Caffeine is found in many common foods and drinks such as tea, hot cocoa, chocolate, sparkling drinks. People around the world have enjoyed caffeine as part of their diets for hundreds of years. Coca-Cola in Australia offers both caffeine-free and caffeinated drinks.
One of the most studied ingredients
Caffeine is a comprehensively studied ingredient in the food supply, with centuries of safe use. Regulatory agencies throughout the world including Food Standards Australia New Zealand (FSANZ), Food and Drug Administration in the US (FDA) and the UK's Food Standards Agency (FSA), consider the appropriate use of caffeine in food to be safe and acceptable.
Pregnant or nursing women, or women trying to become pregnant, should consult a doctor regarding caffeine consumption.
Caffeine in the diet
The most commonly known sources of caffeine are coffee, cocoa beans, and tea leaves. Caffeine is also an ingredient in sparkling cola beverages and other drinks. Caffeine levels in popular products are as follows:
|Pack Size(mL)||'Coca-Cola'||'Diet Coke'||'Coke No Sugar'||Instant Coffee|
*brewed from leaf or tea bag Source for instant coffee and tea information: AUSNUT 2010, FSANZ
Caffeine in sparkling drinks
Caffeine is an integral part of the complex flavour and overall profile of some sparkling drinks, which people enjoy for refreshment, taste and hydration. For over 100 years, in some cases, the formulae for these drinks have carefully balanced a mix of ingredients, including sweeteners, carbonation, caffeine, and other flavourings to produce the refreshing and tangy taste that consumers prefer, especially when served cold or with ice. The bitter taste of caffeine is part of the complex flavour profile of these drinks.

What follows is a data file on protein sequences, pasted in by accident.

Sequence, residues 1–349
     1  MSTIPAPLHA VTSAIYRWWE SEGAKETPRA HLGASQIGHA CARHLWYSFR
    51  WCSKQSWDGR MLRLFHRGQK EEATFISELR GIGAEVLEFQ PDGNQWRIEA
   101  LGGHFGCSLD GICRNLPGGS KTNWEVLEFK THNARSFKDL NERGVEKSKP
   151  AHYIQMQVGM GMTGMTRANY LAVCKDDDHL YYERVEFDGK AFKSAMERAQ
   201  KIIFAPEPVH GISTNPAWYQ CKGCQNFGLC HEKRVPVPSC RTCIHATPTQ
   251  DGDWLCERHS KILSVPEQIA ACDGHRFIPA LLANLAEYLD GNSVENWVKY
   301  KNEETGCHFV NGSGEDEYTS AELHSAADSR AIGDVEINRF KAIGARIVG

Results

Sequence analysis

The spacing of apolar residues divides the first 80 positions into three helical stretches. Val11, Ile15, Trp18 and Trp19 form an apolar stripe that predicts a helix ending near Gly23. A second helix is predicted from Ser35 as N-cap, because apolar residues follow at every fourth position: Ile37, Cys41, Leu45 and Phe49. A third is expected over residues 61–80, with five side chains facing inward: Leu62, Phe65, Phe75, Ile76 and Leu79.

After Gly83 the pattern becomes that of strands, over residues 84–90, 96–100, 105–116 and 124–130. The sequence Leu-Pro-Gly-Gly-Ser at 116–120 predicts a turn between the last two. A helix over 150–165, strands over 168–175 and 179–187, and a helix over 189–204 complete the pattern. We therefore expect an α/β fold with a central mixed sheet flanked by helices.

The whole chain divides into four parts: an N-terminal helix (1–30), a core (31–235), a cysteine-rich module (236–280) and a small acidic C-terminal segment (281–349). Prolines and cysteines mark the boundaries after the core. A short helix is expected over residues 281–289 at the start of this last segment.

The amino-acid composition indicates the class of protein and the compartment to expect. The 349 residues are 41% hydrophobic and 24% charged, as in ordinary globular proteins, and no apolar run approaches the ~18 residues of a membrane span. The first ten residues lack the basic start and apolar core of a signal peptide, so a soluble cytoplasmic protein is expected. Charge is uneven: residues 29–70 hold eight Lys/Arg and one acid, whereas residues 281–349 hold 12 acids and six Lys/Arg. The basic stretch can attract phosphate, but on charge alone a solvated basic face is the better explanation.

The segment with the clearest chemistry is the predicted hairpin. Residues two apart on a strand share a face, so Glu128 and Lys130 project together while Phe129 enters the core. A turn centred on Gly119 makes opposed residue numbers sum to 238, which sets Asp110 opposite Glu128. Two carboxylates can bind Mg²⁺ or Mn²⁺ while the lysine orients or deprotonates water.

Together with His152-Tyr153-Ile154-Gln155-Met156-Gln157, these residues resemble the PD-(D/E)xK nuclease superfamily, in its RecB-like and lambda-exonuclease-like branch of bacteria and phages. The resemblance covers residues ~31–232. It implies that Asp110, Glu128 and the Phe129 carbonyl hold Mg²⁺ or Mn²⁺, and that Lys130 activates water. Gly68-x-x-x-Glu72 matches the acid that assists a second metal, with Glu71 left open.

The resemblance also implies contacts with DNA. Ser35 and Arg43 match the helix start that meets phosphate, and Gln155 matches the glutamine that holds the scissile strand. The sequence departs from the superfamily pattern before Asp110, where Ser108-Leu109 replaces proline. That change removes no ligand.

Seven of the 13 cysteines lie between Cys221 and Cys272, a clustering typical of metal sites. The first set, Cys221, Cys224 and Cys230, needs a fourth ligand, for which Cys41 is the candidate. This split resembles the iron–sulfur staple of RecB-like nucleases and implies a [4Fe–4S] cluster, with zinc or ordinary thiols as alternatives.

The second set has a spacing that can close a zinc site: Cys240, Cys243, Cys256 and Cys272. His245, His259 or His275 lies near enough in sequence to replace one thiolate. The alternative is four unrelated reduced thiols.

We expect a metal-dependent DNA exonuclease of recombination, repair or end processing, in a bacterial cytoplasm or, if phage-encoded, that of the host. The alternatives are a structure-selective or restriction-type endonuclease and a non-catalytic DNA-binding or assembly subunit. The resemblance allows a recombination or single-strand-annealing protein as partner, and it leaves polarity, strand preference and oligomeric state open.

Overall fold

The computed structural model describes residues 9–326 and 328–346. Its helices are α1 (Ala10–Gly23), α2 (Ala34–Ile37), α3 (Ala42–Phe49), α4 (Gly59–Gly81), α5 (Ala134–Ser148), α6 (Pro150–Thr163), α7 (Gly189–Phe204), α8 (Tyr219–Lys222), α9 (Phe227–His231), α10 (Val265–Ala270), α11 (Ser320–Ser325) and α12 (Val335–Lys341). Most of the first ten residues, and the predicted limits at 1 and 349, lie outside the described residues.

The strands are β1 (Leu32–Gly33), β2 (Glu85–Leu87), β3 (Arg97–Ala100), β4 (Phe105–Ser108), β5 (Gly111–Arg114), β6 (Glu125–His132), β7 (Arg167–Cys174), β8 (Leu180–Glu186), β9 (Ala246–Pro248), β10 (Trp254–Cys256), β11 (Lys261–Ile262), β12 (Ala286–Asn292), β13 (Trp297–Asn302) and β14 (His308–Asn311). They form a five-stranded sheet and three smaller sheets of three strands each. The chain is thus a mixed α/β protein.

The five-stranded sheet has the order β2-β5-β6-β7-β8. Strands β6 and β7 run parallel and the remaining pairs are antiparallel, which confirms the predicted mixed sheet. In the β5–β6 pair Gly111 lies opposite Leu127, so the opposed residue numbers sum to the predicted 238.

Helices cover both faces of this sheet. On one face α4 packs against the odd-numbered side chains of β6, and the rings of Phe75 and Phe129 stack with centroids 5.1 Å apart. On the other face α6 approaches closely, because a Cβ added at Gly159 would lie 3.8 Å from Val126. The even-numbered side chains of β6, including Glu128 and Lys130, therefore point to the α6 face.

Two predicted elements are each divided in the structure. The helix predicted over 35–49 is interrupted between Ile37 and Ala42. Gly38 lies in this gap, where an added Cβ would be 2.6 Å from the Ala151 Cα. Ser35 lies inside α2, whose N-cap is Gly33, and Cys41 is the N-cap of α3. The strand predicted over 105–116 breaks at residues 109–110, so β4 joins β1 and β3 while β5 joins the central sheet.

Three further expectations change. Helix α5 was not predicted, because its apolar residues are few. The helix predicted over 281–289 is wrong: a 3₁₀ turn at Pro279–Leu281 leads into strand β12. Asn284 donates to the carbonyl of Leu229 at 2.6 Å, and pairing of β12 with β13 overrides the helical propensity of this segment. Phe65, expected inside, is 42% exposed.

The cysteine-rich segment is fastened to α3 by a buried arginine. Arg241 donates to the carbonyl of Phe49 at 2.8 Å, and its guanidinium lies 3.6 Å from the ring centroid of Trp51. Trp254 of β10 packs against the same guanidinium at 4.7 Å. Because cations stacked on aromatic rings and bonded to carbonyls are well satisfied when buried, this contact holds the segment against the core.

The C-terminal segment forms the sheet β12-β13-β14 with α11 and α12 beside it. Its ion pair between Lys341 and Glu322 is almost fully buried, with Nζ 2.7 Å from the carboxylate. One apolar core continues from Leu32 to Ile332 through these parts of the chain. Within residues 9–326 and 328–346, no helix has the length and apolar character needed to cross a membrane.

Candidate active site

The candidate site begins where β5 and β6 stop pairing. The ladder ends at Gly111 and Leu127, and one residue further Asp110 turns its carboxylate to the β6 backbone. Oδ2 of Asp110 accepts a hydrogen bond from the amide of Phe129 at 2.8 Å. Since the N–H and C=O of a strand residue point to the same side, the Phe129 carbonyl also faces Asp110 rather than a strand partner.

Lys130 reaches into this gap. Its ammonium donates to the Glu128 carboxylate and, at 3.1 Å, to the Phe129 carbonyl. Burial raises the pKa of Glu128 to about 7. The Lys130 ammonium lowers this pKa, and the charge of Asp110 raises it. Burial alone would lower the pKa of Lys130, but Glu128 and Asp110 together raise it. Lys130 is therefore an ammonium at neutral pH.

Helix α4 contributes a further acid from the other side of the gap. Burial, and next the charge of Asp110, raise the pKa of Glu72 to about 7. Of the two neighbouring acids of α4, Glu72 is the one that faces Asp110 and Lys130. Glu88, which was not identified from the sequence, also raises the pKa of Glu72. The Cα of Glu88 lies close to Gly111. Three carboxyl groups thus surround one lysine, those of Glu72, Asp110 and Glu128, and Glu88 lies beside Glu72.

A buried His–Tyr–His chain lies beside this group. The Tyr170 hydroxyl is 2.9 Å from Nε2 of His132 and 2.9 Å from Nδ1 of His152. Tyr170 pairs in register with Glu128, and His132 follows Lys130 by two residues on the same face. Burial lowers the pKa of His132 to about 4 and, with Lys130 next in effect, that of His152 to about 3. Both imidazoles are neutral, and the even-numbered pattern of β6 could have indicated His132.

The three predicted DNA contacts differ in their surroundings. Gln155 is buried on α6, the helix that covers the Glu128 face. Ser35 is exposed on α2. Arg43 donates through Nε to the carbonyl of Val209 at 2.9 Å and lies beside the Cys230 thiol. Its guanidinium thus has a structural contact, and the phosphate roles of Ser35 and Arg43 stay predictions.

The amount of caffeine in our cola soft drinks is relatively small, 9.6 - 12.8 milligrams of caffeine per 100ml serving or 24 - 32mg per 250mL cup, less caffeine than a cup of instant coffee (which is approximately 77.5mg per 250mL cup). However, because some people prefer drinks without caffeine, many sparkling drinks are also available in caffeine-free versions.
Is caffeine dehydrating?
Scientific consensus concludes caffeinated beverages contribute to the body's hydration needs similarly to non-caffeinated beverages. The US based Food and Nutrition Board of the Institute of Medicine in its February 2004 report on 'Dietary Reference Intakes for Water, Potassium, Sodium, Chloride and Sulfate*' states, "... caffeinated beverages appear to contribute to the daily total water intake similar to that contributed by Non-Caffeinated beverages."
In a study examining the effect of caffeinated and non-caffeinated beverages on hydration status, no significant differences were found in the effect of various combinations (Grandjean, A et. al. The Effect of Caffeinated, Non-Caffeinated, Caloric and Non-Caloric beverages on Hydration, J. Am. College of Nutrition, 2000. 19, 591-600).
In addition a review on hydration concluded that moderate ingestion of caffeine (<300mg) does not promote dehydration (Ganio MS, et. al. Evidence-Based Approach to Lingering Hydration Questions, Clin. Sports. Med. 2007, 26, 1-16.
* Intakes for Water, Potassium, Sodium, Chloride, and Sulfate. National Academy of Sciences. Institute of Medicine. Food and Nutrition Board, 2004. 4; 133-134